September 8th, 2009, 11:10 AM #1
Stealable Digital Personal Property: COOL!
Goodbye, DRM; hello "stealable" Digital Personal Property - Ars Technica
People hate DRM, but one IEEE study group has a possible fix for many of its problems: make digital content easy to steal from others. The moment that happens, consumers can be trusted with content.
By Nate Anderson | Last updated September 7, 2009 8:00 PM CT
Selling unencrypted downloads would certainly make this possible, as it has in the music industry, but movie makers and other rightsholders have shown no inclination to offer such open copies of their work to the public. In Sweazey's view, most people understand why rightsholders want some limits on copying, but they can't abide the electronic tethers that DRM currently requires. They don't want to be told what to do and who to share their content with; what they want, he tells Ars, is for digital property to "complete the emulation of the physical world."
Digital personal property (DPP) is an attempt to make consumers treat digital media like physical objects. For instance, you might loan your car to a friend, a family member, or a neighbor. You might do so on many different occasions and for different lengths of time. But you are unlikely to leave the car out front of your house with the keys in it and a sign on it saying, "Take me!" If you did, you might never see the vehicle again.
It's that the ability to lose control over property that is central to the DPP system. DPP files are encrypted. They can be freely copied and distributed to anyone, but here's the trick: anyone who can view your content can also "steal" it irrevocably. The simple addition of a way to lose content instantly leads consumers to set up a "circle of trust" that can be as wide as they like but will not extend to total strangers on the Internet.Given that digital content just isn't like physical content, I ask Sweazey why we might want to force it back into that model; why not provide truly open files for download, perhaps reserving traditional tethered DRM for rentals and streaming? His answer is that such freely-copyable goods breaks the basic business model of human commerce by making goods nonrivalrous; it no longer has aspects of a private good, and this makes it difficult to sell.They say technology slows down for no one. I know it outruns my wallet. I figure its because my wallet isn't light enough yet.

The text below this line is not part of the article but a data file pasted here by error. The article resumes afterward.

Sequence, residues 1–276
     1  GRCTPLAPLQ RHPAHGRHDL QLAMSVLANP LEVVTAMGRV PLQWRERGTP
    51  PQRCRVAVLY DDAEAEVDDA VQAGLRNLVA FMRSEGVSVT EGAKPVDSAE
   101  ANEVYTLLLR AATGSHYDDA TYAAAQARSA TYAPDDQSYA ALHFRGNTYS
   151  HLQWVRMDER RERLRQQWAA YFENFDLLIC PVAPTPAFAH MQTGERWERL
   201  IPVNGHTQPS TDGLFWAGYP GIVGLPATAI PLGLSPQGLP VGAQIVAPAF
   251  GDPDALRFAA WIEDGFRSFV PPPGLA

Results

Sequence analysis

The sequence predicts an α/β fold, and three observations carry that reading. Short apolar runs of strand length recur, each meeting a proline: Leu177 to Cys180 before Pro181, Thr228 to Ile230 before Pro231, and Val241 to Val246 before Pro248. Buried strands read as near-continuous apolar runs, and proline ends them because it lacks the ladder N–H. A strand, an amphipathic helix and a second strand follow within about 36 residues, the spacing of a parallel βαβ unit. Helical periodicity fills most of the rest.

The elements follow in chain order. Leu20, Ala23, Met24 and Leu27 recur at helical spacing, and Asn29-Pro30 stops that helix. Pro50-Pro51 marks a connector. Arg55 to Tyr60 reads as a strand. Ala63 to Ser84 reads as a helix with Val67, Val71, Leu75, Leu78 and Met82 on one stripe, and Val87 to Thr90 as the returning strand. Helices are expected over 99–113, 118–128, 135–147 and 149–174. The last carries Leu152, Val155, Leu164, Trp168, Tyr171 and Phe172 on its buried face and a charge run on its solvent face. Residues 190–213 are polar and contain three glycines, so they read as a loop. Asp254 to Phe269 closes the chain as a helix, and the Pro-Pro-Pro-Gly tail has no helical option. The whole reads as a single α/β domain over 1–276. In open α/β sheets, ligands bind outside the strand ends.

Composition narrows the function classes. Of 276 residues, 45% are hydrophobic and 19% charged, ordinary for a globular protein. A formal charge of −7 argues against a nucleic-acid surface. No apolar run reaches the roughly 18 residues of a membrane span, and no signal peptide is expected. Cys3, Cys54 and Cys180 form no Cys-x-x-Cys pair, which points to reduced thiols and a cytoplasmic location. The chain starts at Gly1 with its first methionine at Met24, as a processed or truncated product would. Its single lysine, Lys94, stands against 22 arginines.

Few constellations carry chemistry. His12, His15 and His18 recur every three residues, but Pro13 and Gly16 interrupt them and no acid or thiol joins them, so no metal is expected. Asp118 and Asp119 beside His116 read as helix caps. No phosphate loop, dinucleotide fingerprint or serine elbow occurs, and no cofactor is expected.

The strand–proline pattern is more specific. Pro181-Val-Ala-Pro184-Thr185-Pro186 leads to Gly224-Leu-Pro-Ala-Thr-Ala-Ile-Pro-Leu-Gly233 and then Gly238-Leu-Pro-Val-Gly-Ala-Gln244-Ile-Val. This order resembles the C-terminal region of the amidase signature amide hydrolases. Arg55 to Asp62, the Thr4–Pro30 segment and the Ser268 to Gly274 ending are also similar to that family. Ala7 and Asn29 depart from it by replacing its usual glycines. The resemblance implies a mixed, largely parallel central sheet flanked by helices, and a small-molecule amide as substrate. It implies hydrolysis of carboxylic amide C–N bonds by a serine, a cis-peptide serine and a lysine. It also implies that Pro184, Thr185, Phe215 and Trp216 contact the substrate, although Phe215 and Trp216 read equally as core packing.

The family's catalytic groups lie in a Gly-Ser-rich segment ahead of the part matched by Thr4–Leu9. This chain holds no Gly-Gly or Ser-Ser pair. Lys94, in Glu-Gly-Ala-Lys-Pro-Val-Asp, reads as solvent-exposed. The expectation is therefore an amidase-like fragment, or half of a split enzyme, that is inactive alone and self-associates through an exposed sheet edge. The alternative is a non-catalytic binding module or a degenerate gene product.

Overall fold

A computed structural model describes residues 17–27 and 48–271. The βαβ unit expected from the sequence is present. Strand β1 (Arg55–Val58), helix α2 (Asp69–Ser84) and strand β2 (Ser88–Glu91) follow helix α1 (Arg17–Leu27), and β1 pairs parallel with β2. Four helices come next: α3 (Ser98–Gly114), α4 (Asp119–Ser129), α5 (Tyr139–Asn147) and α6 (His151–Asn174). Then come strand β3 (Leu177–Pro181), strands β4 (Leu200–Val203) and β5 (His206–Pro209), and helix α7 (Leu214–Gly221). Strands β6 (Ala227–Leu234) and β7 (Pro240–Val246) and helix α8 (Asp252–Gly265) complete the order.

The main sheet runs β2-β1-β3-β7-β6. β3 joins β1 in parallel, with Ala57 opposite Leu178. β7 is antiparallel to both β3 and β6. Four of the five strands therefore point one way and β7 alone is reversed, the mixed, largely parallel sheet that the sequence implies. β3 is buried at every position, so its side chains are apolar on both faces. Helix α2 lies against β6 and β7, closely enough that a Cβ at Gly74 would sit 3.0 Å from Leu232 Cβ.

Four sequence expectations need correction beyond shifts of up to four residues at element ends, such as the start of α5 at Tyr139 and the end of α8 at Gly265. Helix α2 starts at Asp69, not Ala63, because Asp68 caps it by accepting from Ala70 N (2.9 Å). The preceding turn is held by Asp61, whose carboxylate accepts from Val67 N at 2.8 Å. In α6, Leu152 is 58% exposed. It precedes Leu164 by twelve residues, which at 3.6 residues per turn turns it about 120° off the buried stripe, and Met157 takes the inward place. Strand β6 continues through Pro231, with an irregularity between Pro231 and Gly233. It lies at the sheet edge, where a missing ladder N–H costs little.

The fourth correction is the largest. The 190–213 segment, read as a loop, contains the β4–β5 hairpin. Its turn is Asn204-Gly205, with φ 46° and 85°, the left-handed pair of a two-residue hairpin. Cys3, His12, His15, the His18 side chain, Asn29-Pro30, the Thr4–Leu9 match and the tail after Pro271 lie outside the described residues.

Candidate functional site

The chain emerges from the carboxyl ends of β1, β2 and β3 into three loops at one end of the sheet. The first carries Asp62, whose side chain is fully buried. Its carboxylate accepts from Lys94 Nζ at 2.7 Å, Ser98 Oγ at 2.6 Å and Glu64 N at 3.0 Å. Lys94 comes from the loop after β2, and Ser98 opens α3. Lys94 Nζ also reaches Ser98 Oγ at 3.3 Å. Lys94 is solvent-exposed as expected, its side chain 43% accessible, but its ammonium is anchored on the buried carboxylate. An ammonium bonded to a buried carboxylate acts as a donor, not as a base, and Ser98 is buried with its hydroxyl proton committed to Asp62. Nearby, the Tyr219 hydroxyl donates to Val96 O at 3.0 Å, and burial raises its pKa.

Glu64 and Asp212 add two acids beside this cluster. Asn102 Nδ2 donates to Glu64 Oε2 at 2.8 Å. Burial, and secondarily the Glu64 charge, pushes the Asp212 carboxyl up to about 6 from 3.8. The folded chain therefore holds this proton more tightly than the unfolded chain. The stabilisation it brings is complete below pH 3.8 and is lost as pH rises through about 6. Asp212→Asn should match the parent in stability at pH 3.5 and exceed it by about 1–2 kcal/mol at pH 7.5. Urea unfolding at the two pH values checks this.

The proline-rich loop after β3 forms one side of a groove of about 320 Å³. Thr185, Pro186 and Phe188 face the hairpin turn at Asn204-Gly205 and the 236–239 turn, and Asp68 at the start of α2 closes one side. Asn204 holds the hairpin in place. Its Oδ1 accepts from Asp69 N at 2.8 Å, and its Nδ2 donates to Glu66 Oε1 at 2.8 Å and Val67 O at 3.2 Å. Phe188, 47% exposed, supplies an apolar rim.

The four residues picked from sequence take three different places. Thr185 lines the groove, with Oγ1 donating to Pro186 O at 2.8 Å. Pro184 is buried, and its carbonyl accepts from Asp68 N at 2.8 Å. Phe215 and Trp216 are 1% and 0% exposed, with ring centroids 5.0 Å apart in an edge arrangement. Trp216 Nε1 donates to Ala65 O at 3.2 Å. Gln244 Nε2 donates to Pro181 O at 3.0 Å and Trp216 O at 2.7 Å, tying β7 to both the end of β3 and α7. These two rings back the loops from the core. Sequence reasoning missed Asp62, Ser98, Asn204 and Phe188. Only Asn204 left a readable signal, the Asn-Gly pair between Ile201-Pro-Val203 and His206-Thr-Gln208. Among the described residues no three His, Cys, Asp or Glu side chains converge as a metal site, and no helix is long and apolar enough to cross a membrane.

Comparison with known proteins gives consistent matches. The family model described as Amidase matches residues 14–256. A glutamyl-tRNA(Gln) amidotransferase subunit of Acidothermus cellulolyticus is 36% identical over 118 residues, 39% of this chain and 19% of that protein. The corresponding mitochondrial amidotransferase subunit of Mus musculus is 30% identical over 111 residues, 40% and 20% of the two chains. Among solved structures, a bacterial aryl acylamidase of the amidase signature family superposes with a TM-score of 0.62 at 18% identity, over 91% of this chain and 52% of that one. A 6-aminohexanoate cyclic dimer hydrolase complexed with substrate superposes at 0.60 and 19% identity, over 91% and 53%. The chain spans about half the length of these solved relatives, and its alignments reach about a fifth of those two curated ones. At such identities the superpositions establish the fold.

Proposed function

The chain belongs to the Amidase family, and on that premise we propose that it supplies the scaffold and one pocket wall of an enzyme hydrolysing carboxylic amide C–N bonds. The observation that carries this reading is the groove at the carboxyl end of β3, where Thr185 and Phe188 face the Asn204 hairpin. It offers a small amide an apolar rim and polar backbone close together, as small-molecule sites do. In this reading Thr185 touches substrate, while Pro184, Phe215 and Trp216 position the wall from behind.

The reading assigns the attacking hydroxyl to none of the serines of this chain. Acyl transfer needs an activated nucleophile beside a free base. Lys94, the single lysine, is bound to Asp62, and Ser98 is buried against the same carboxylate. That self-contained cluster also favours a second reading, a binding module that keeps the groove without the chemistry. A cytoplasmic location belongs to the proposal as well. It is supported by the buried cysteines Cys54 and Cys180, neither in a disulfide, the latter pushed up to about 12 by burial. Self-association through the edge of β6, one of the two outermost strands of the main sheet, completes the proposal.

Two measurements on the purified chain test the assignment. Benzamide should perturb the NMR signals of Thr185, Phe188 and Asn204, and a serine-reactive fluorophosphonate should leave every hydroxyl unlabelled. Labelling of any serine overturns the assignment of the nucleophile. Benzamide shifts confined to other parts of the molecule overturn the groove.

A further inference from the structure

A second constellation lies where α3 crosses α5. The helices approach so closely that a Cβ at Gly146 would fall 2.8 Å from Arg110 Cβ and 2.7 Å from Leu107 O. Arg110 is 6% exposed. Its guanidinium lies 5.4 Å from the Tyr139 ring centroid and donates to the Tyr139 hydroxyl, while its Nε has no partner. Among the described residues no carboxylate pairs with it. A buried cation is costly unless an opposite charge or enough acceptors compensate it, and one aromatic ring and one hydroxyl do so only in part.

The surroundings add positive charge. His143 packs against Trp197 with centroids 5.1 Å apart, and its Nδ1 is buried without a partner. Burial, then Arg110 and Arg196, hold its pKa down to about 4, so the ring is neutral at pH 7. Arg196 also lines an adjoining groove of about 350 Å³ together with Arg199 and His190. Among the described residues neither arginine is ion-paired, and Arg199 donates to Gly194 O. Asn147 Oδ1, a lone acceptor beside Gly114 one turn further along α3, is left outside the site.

TechIMO Folding@home Team #111 - Crunching for the cure!
dulce bellum inexpertis
September 8th, 2009, 02:46 PM #2
The concept of taking something that has nothing but 1's and 0's and making someone the owner of it and not able to share it is just ludicrous. They need to stop thinking about making money off of stuff and start getting hip with the modern idea that information is to be free and shared, even music and movies are nothing more then a knowledge share.
Users Browsing this Thread
There are currently 1 users browsing this thread. (0 members and 1 guests)
By tony_j15 in forum DebateIMO: Politics, Religion, ControversyReplies: 6Last Post: January 3rd, 2007, 02:37 AM
By ben-the-slacker in forum IMO CommunityReplies: 18Last Post: July 20th, 2006, 04:06 PM
By draboo in forum IMO CommunityReplies: 6Last Post: October 27th, 2005, 12:13 AM
By osprey4 in forum IMO CommunityReplies: 4Last Post: June 23rd, 2005, 01:35 PM
By vass0922 in forum Webmastering and ProgrammingReplies: 18Last Post: October 29th, 2002, 08:27 PM